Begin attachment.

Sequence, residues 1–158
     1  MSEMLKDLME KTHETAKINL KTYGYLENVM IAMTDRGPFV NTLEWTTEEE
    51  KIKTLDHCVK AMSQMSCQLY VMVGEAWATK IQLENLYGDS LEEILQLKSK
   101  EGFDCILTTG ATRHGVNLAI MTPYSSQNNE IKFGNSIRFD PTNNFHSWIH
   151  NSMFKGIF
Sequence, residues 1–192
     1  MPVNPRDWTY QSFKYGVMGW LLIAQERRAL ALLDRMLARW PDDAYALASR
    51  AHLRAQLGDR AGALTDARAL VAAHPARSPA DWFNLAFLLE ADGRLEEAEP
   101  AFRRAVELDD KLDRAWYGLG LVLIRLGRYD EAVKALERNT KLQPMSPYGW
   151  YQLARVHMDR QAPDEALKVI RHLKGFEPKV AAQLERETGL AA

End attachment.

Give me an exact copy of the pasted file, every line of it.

Sequence, residues 1–158
     1  MSEMLKDLME KTHETAKINL KTYGYLENVM IAMTDRGPFV NTLEWTTEEE
    51  KIKTLDHCVK AMSQMSCQLY VMVGEAWATK IQLENLYGDS LEEILQLKSK
   101  EGFDCILTTG ATRHGVNLAI MTPYSSQNNE IKFGNSIRFD PTNNFHSWIH
   151  NSMFKGIF
Sequence, residues 1–192
     1  MPVNPRDWTY QSFKYGVMGW LLIAQERRAL ALLDRMLARW PDDAYALASR
    51  AHLRAQLGDR AGALTDARAL VAAHPARSPA DWFNLAFLLE ADGRLEEAEP
   101  AFRRAVELDD KLDRAWYGLG LVLIRLGRYD EAVKALERNT KLQPMSPYGW
   151  YQLARVHMDR QAPDEALKVI RHLKGFEPKV AAQLERETGL AA